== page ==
Cardio vs. Weights: How Strength and Aerobic Exercises help your Heart, Bones, Brain, and more
Which is better for you — running or pumping iron? Find out how much you know about the best exercise for your body.
Cardio is the only exercise that may help prevent heart disease
Cardiovascular exercise, also called cardio or aerobic exercise, raises your heart rate and makes you sweat — and that’s great for your ticker. Regular cardio, whether it’s jogging, cycling, swimming, or brisk walking, will make your heart stronger. It also helps with blood pressure and cholesterol, and can even help ward off some cancers.
Aerobic means ‘with air’
Your heart’s main job is to deliver oxygen to your body. Aerobic exercise, also called cardio, helps it do this better. It includes any activity that makes your body need more oxygen, like jogging.
Adults should get at least 2 1/2 hours of cardio each week
That’s 150 minutes of any exercise that makes you breathe harder and revs up your heart rate. Break it up any way you’d like — do 30 minutes a day, 5 days a week — just be sure to move for at least 10 minutes at a time. Can’t get to the magic number? Do what you can. You’re still doing your body good.
People with muscles burn more calories
Your muscles burn calories even when you’re not working out. So the more muscles you have, the more calories you’ll burn. If you work out with weights often, you’ll also lose fat and look slimmer. Want to turn your bod into a lean, calorie-torching machine? Reach for the dumbbells or hop onto a machine that uses weights.
You do need strength training even if you do a lot of cardio
Cardio is king when it comes to your heart, but strength (also called resistance) training does wonders for your bones and joints. Get in at least two sessions a week and work your legs, hips, back, abdomen, chest, shoulders, and arms.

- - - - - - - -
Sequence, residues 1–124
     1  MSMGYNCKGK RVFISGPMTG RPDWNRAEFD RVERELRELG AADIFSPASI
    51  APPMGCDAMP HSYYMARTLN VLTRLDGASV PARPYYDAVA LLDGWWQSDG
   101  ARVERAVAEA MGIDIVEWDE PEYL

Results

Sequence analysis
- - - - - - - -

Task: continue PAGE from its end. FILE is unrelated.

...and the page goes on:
Which is better for you?
What you tackle first depends on your goals. If you’re training for a 5K, start with cardio. Your muscles will be warmed up, and that may help prevent injuries during strength training. If you’re focused on strength, hit the weights first. Pumping iron before cardio could make you stronger and more toned.
Which lowers your risk of dementia?
Whether you swim, run, power through pushups, or use a leg-curl machine, you’re doing something good for your brain. Cardio and strength training can both help you think more clearly and improve your memory.
Weight training might help keep you from falling when you’re older
Using weights can lower your chances of osteoporosis, a disease that weakens bones and makes you more likely to fall and have fractures. Training with weights strengthens your bones, helps with your balance, and can make daily tasks easier as you age — like climbing stairs, getting out of a chair, or lifting groceries. Other weight-bearing exercises, like walking or dancing, can help with this, too.
It’s best to go at least 48h between strength training workouts
When you lift weights, you get small tears in your muscles. Your body needs time to recover before you lift again. You can keep up the cardio, though.
You should switch up your weight training routine every 6 to 12 weeks
You’ve got to keep your body guessing to get the biggest gains. Changing things up will make you stronger and help prevent injury. If you’re a little bored with your workouts, try different exercises, use heavier weights, or vary the number of repetitions you do.
It’s best to lift weights slow and steady
Rushing through your reps can lead to injury. Instead, focus on good form. Don’t jerk the weights or use too much force. If you haven’t done much work with weights, get some tips from a trainer. For example, remember to breathe. Breathe out as you lift the weight, and breathe in when you lower it.